Instant Gratification Is How You Survive Quarantine

Instant Gratification Is How You Survive Quarantine

The minute quarantine first happened it seemed like everyone kicked into high gear. We all started posting videos of our our workouts, DIY projects, and to-do lists. (To everyone who suffered through our living-room yoga hyperlapses, WE’RE SORRY OKAY.) The reasoning was, of course, that we have more free time, which translates to more productivity!

Then we all read that NYT article telling us to stop trying to be productive, you know which one I mean, and suddenly realized that spending an afternoon clutching a bottle of gin and weeping is perfectly acceptable — as long as you don’t make it a daily habit. 

You’re fine. I’m fine. We’re all fine here.

One important lesson we’ve learned in isolation is that instant gratification is pretty much the only way to survive. Sure, we could use our free time to create long-term goals. We could revamp the kitchen, or learn a new language, or balance our diets so we can finally get that coveted six-pack. After all, it’s not like we really have anything better to do. But then again, why bother if we have to wait to enjoy it?

We’ve realized there’s a certain value to be had in doing things because they make you happy in the moment. It’s the kind of epiphany, as they say, that hits you on a regular Tuesday afternoon when you least expect it — usually with the weight and grace of a large, obese flamingo. Epiphanies aren’t always pretty, guys. 

It came about because I, Katie, have been going through the prolonged process of cleaning and repainting my nails every 2-3 days  let’s face it, the constant hand washing is murder for nail polish  when G posed a question: 

“Why do you keep doing that?” he asked. “No one is going to see them.” 

This gave me pause. He was right. I wouldn’t be flourishing my Garden of Eden or Carnival Sparkle nails at the pub any time soon. No one was going to see them or appreciate them except for me. So why put in the time and trouble to maintain them?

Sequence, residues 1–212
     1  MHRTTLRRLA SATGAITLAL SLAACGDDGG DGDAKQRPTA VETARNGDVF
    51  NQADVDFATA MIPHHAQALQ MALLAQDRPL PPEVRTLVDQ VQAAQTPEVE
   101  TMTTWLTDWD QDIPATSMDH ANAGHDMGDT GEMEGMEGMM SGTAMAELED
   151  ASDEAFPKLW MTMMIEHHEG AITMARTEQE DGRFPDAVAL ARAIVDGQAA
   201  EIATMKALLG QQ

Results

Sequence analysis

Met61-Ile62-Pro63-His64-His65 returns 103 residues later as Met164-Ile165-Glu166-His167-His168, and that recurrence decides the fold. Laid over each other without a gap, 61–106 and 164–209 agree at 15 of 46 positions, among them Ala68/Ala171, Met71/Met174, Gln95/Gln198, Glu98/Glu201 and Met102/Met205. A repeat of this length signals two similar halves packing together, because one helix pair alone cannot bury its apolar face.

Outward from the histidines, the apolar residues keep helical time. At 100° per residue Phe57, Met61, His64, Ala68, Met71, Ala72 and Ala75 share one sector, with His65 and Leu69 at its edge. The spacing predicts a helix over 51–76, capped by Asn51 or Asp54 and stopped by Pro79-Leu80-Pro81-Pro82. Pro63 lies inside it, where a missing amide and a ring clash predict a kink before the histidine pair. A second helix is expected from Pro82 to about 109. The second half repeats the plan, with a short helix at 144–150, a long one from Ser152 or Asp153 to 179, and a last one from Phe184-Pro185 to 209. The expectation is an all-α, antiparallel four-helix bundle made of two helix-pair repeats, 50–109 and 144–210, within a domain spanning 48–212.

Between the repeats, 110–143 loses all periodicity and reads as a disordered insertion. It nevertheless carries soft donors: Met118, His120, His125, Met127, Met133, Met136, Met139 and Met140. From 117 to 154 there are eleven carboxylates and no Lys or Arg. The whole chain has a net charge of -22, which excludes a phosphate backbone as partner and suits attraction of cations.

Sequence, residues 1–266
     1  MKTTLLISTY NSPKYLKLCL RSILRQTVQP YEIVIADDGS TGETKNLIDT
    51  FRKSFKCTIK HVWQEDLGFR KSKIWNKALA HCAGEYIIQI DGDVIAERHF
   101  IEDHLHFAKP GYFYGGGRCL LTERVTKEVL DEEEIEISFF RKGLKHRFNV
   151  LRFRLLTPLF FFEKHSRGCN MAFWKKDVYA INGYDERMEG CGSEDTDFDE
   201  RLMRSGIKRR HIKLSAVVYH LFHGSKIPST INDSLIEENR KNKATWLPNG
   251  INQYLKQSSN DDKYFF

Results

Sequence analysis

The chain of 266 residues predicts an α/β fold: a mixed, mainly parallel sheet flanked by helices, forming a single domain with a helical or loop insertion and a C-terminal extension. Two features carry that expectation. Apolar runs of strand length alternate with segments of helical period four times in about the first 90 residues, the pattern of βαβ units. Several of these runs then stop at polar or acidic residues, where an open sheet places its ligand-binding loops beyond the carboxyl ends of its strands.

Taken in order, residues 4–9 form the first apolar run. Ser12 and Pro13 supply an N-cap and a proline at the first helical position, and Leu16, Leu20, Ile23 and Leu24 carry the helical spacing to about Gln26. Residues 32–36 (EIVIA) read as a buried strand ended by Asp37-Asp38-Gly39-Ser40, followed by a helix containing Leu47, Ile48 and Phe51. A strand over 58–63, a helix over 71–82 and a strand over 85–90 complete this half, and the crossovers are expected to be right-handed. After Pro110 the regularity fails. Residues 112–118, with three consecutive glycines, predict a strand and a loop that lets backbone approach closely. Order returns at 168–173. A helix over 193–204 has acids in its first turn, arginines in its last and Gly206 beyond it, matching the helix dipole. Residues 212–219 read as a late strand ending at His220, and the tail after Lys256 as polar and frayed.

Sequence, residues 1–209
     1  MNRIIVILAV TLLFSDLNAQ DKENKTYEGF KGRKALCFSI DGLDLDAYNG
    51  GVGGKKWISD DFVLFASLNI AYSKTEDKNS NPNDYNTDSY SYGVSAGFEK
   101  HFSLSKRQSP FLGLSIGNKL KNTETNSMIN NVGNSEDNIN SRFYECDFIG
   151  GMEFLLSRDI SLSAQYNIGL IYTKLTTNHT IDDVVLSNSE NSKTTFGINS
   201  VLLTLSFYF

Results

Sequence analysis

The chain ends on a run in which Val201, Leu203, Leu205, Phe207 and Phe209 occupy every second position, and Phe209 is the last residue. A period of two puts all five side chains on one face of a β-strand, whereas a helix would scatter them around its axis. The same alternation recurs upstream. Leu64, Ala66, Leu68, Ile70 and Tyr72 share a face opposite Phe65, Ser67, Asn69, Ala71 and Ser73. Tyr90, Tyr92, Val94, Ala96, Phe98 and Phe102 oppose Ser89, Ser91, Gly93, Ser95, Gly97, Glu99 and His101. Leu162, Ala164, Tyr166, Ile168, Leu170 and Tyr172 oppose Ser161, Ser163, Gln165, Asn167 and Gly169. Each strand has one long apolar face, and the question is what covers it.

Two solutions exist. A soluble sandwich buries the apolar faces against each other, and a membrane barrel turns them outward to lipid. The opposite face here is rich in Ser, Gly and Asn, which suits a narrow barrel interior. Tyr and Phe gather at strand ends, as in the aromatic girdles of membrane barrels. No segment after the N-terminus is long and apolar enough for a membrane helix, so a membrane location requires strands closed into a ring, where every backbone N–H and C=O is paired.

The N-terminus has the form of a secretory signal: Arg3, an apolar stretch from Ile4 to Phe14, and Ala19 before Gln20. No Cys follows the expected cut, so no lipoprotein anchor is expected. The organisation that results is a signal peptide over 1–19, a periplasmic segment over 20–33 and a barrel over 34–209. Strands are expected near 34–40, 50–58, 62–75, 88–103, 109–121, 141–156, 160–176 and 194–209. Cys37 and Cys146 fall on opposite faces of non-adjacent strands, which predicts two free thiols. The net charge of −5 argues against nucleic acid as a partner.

Simply put, it’s something I don’t have to wait long to feel happy about. A mere half-hour later and voila! I am bouncing about with newly hued nails. 

The same applies to almost every activity we’ve started doing in isolation lately. Daily workouts take time and effort, and at the rate things are going we won’t be showing off our beach-bods in the near future, so why bother? Well, we just don’t care about the long-term payoff, but rather the rush we get immediately after completing a workout video. 

Superficial? Maybe. But it works. 

Even keeping the flat consistently clean can be explained the same way. Gone are the days where we did it out of fear that someone would stop by and secretly judge us for being messy. Now we do it because it offers an instant sense of satisfaction. Also, as a couple married under quarantine, we’d descend into filth alarmingly fast if we didn’t. Yes, it’s a chore, but the immediate outcome makes it worthwhile. 

So there ya go, you have permission to NOT be productive in the same way you have permission to do things ONLY because they bring you instant gratification.

Eat an entire chocolate cake. Wash your sheets. Make friends with the squirrel that lives in your garden. Or, lie on the floor and clutch a bottle of gin for an afternoon. God knows we have.

We’re certainly not going to judge you for it. This is, after all, week two of me switching between sweatpants and an old flannel shirt (which, Gaurav helpfully keeps reminding me, makes me look like a hobo) and jeans and an old University of Texas sweatshirt (which, Gaurav helpfully keeps reminding me, makes me look like a hobo).

But you know what?

I dress like that BECAUSE IT MAKES ME HAPPY. Okay, I lied. Sometimes it’s because I’m too sad to climb out of my sweatpants and into regular clothes, and that’s okay too.

Apparently peak isolation couture is hipster hobo-wear, people. But at least my nails are painted Starball Party and we just got a gin delivery.

Anyone fancy a re-watch of Zoolander?


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